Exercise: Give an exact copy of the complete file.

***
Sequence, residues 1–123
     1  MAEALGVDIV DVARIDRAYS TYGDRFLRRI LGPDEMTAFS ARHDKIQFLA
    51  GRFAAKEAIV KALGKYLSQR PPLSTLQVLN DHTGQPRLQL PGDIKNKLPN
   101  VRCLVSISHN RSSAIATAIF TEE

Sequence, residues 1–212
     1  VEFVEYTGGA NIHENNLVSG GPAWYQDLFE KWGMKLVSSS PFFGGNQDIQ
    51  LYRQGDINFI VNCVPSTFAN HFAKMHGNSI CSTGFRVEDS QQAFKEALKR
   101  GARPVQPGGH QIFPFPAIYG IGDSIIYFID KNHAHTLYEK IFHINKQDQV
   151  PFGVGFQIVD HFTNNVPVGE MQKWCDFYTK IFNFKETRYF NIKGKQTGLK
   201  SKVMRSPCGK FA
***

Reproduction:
Sequence, residues 1–123
     1  MAEALGVDIV DVARIDRAYS TYGDRFLRRI LGPDEMTAFS ARHDKIQFLA
    51  GRFAAKEAIV KALGKYLSQR PPLSTLQVLN DHTGQPRLQL PGDIKNKLPN
   101  VRCLVSISHN RSSAIATAIF TEE

Sequence, residues 1–212
     1  VEFVEYTGGA NIHENNLVSG GPAWYQDLFE KWGMKLVSSS PFFGGNQDIQ
    51  LYRQGDINFI VNCVPSTFAN HFAKMHGNSI CSTGFRVEDS QQAFKEALKR
   101  GARPVQPGGH QIFPFPAIYG IGDSIIYFID KNHAHTLYEK IFHINKQDQV
   151  PFGVGFQIVD HFTNNVPVGE MQKWCDFYTK IFNFKETRYF NIKGKQTGLK
   201  SKVMRSPCGK FA